Arriving into the Museum of London’s courtyard on October 1st morning, I can’t help but get excited for the day ahead of me. I am attending the #MuseumIdeas Conference - held by Museum-ID each year at the museum and notorious for hosting an exciting, if not eclectic, mix of innovative industry professionals. This year was no different, with speakers from museums as far afield as Australia, America and, of course, London.
The theme of the day: ‘Re-Imagining Museums’ – with speakers giving their thoughts on how museums can stay relevant in the 21st century. Kicking off the event, speaker Kaywin Feldman invited us to always question our dominant logic if we wish to remain current in a constantly changing age. As the Director of Minneapolis Institute of Art (MIA), Kaywin encourages museums to let their staff get creative. Using examples such as their 100 year anniversary ‘Van Grow’ project, she makes a convincing argument.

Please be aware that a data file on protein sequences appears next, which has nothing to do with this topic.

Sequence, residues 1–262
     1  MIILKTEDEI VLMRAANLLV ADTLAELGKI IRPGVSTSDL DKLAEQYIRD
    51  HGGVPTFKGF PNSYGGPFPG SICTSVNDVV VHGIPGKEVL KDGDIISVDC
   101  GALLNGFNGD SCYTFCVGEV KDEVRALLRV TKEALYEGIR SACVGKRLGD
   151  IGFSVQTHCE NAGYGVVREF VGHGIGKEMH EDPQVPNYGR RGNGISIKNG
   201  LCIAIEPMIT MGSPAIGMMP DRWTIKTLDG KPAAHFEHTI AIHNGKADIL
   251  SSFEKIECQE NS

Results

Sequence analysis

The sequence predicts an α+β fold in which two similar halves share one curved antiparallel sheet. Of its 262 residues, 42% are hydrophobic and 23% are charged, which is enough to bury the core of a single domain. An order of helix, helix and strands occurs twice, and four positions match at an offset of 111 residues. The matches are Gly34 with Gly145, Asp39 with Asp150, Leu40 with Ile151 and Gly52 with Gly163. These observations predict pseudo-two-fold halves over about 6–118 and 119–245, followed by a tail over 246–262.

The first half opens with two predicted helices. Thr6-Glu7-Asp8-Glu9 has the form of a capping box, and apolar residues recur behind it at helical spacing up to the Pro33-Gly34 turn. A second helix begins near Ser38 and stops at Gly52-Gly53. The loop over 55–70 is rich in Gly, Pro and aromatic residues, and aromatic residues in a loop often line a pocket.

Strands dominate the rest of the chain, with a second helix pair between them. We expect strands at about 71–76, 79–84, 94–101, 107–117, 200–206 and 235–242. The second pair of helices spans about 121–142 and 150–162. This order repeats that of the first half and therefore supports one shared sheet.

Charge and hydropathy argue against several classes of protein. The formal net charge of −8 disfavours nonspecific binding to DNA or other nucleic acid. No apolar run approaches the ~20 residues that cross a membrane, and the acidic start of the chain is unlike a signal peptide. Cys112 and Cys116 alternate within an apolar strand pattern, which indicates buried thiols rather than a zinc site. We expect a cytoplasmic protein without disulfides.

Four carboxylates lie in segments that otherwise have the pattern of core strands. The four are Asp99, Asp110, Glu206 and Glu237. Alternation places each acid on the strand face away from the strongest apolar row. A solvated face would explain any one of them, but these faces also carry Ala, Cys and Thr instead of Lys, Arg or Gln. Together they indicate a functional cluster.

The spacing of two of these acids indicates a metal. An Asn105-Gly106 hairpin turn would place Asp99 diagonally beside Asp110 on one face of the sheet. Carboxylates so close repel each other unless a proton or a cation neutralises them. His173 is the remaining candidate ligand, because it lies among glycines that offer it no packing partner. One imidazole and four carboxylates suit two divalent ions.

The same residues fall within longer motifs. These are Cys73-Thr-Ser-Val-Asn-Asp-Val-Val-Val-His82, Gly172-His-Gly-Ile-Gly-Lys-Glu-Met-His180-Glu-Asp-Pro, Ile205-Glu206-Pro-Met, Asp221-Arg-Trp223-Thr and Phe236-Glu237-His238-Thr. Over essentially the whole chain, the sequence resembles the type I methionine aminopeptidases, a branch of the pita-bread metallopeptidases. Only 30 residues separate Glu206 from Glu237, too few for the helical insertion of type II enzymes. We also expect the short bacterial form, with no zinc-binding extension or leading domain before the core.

I was struck by the variety of challenges, methods and outlooks being described on stage throughout the day. What they had in common however, was much more important. Whether staging participatory theatre, smashing the silo mentality often found in museums or experimenting with digital technologies, the visitor is always king. Creating dynamic conversation with museum visitors and engaging them on a personal level has become the cornerstone of the modern museum.
What then, is ‘best practice’ for visitor experience in museums? Is there even such a thing anymore? Here at Acoustiguide, I have been lucky enough to be a part of answering this question – working in tandem with museums to enrich their visitor experience with innovative and immersive digital technologies and tours.
Hardly a bad job, eh?